When my grandson was about a year old, I introduced him to an Alexis to see what his reaction would be. I don’t know why I was surprised when he took to her right away. He sat her on his push toys and pushed Alexis around the room, picking her up when she fell and promptly seating her back to continue the ride. He would study her face and poke at her eyes and then he moved on to the next toddler thing to do. So, I decided I should dress this Alexis in more appropriate “boy wear” and braided her hair so she would be read for tough love.
My grandson, now about 2 ½ years old, moved away last year as my daughter received a great job offer in Virginia. She keeps me up to date and we Skype so I can still talk to my grandson. This week my daughter sent me this picture. She said that my grandson, Gunnar, pulled Alexis out of the bottom of his toy box and took careful effort to sit her up to watch him play with his cars. I’d like to think Alexis reminds him of his grandma, but most of all I love the story because it reflects a world where parents are more open to gender-neutral play. My grandson also plays with a 12” action figure, but neither are anything more than just Gunnar having the freedom to play and explore.
In a Psychology Today post on their website, Peter Gray Ph.D. wrote, “Play is, first and foremost, an expression of freedom. It is what one wants to do as opposed to what one is obliged to do. The joy of play is the ecstatic feeling of liberty. Play is not always accompanied by smiles and laughter, nor are smiles and laughter always signs of play; but play is always accompanied by a feeling of “Yes, this is what I want to do right now.” Players are free agents, not pawns in someone else’s game.”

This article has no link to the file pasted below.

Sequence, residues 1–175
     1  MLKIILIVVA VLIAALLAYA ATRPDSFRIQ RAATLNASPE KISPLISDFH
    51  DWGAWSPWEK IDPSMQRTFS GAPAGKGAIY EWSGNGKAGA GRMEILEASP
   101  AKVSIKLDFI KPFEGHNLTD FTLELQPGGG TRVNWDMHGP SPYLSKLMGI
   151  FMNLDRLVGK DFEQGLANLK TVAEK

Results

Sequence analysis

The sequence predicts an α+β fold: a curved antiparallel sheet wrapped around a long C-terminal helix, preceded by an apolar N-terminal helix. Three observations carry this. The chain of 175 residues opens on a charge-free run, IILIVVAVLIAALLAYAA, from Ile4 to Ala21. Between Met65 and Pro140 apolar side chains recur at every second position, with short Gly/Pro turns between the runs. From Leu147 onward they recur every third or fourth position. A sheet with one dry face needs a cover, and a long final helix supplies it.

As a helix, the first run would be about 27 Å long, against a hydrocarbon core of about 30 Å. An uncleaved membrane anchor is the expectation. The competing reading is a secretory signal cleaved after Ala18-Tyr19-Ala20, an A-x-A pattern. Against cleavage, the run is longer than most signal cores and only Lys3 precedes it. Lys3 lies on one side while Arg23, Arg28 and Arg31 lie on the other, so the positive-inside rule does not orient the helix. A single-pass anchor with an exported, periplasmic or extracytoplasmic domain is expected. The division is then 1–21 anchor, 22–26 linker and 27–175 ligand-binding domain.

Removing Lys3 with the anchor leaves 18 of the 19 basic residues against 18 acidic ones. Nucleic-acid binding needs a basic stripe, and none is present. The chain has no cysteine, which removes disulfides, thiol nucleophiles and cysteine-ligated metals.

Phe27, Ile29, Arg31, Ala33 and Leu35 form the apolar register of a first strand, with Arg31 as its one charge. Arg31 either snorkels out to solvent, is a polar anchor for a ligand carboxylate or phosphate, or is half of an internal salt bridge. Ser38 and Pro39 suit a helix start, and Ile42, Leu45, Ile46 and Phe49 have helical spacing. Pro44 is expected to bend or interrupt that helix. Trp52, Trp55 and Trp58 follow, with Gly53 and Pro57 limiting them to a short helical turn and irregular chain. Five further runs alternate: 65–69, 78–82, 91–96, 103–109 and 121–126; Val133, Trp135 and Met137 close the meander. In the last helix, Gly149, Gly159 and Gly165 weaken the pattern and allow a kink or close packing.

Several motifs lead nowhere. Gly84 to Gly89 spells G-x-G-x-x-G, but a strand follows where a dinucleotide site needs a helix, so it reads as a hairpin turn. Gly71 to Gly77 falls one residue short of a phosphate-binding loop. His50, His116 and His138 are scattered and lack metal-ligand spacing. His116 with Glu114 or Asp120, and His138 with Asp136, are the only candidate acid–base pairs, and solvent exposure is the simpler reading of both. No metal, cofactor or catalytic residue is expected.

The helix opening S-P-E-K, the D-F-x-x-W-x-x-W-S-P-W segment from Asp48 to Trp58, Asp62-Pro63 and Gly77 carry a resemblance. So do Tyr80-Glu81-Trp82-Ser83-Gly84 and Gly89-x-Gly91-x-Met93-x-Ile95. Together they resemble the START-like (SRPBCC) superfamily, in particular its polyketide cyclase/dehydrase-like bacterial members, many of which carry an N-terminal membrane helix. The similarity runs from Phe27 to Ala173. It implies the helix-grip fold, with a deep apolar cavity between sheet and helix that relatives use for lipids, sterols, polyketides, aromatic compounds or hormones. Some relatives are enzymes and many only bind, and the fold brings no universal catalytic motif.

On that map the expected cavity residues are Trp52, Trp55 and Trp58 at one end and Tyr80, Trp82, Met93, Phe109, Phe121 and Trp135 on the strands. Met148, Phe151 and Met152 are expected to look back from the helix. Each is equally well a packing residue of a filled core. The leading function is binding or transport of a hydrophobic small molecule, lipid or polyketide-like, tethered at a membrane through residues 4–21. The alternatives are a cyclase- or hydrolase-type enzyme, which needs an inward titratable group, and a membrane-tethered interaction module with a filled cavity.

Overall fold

Bravo Dr. Gray! Here’s to the freedom to play and a wish that you may…Play more.
I’ve made a flyer to help spread the news about Elena. Please print or copy it to an email and use it to tell a friend about Elena so we can spread the word that we have something special at Via E. Your help is greatly appreciated!!
(To print, copy and paste into Microsoft Word Doc or other application. To copy, right click on your mouse and then select copy.)
Play More is a series of posts presenting the value of play. Play, for both children and adults, is as essential to health as are eating well, exercising and diet. Integrating play into the family unit, increases emotional bonds, a sense of well being, and is an element of successful navigation in an ever growing complex world.
This post is based on, “The Healing Potential of Adults at Play”, by Dottie Ward-Wimmer https://www.psychceu.com/Schaefer/intro.pdf retrieved 2/16/2017
When at play, both our analytical and creative mind interacts in a symbiotic, relaxed nature that increases the flow of creativity and elicits a feeling of a relaxed state. In this relaxed state of being our body is able to better support the biological needs such as breathing, digestion, and heart functions. Play allows the “unwinding” of stress that attacks the immune system. There are several books about increasing outdoor activities and getting involved in a sport and although this is strongly supported, not many talk about the health aspects of simple play. No competition (not even with yourself), no rules, just simple play as found in coloring, tinkering, toy cars, action figures or dolls.
Dottie writes, “Play can increase our self esteem. It invites access to states of well-being and calm as well as stillness and joy. When released in play, we often have an increased capacity for empathy and intimacy.” She goes on to support the premise for adult play therapy stating that it releases stress, increases confidence, and connects adults to the joy projected on the things loved in childhood. “Play is a natural and enduring behavior in adults. It has healing powers for the mind and spirit that we are only beginning to appreciate and learn to use.”
Take the time to Play More. You have earned it; your mind and body need it.